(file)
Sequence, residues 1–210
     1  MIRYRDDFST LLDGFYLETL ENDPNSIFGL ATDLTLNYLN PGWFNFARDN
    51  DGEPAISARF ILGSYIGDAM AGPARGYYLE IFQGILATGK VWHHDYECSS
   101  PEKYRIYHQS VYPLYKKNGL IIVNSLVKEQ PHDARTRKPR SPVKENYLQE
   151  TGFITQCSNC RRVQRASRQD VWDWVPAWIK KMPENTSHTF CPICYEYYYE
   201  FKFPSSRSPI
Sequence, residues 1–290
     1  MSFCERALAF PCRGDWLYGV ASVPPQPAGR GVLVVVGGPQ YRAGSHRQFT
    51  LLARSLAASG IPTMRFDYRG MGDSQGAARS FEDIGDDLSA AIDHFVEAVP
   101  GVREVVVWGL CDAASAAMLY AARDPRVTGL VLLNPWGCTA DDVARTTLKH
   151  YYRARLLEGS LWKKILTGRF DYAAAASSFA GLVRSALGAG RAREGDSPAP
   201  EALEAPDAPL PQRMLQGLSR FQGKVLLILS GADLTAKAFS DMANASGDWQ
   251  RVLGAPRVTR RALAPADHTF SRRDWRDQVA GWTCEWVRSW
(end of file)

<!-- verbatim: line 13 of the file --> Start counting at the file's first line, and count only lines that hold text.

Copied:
   251  RVLGAPRVTR RALAPADHTF SRRDWRDQVA GWTCEWVRSW